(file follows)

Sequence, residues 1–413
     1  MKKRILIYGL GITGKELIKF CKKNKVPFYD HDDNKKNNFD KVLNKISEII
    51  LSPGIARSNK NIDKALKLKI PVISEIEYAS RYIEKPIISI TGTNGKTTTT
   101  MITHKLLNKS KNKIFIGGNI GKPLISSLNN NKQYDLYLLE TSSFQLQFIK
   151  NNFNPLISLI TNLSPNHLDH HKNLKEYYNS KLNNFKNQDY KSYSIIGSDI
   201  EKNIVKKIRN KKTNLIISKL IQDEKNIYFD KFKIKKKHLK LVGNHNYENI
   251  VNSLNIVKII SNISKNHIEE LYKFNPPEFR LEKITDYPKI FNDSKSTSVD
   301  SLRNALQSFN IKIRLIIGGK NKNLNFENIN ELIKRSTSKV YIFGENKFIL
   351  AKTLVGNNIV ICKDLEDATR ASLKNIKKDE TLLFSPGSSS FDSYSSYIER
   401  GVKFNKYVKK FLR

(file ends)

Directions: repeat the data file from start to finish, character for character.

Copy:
Sequence, residues 1–413
     1  MKKRILIYGL GITGKELIKF CKKNKVPFYD HDDNKKNNFD KVLNKISEII
    51  LSPGIARSNK NIDKALKLKI PVISEIEYAS RYIEKPIISI TGTNGKTTTT
   101  MITHKLLNKS KNKIFIGGNI GKPLISSLNN NKQYDLYLLE TSSFQLQFIK
   151  NNFNPLISLI TNLSPNHLDH HKNLKEYYNS KLNNFKNQDY KSYSIIGSDI
   201  EKNIVKKIRN KKTNLIISKL IQDEKNIYFD KFKIKKKHLK LVGNHNYENI
   251  VNSLNIVKII SNISKNHIEE LYKFNPPEFR LEKITDYPKI FNDSKSTSVD
   301  SLRNALQSFN IKIRLIIGGK NKNLNFENIN ELIKRSTSKV YIFGENKFIL
   351  AKTLVGNNIV ICKDLEDATR ASLKNIKKDE TLLFSPGSSS FDSYSSYIER
   401  GVKFNKYVKK FLR